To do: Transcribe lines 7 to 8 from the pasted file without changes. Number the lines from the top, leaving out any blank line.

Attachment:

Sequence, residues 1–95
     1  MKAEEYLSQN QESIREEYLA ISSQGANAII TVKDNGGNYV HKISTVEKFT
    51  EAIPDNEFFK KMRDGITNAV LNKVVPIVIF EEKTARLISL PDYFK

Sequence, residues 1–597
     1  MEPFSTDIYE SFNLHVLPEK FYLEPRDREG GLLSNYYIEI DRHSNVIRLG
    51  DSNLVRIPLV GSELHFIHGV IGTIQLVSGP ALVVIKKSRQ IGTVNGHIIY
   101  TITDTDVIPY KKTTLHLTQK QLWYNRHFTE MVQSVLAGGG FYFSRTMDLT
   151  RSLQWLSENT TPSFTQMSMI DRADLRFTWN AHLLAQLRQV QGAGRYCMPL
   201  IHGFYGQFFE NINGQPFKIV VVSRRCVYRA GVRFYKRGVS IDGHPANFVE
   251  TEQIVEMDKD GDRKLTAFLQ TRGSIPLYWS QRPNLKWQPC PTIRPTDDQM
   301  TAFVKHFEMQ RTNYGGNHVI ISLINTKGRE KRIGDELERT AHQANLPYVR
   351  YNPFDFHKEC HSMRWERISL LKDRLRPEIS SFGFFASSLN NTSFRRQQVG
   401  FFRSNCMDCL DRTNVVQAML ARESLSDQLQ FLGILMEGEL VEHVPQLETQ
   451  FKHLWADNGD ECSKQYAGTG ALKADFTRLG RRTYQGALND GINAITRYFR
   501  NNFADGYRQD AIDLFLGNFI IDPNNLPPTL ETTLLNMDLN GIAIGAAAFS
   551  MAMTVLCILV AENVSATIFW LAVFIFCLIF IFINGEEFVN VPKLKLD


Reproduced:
   101  TITDTDVIPY KKTTLHLTQK QLWYNRHFTE MVQSVLAGGG FYFSRTMDLT
   151  RSLQWLSENT TPSFTQMSMI DRADLRFTWN AHLLAQLRQV QGAGRYCMPL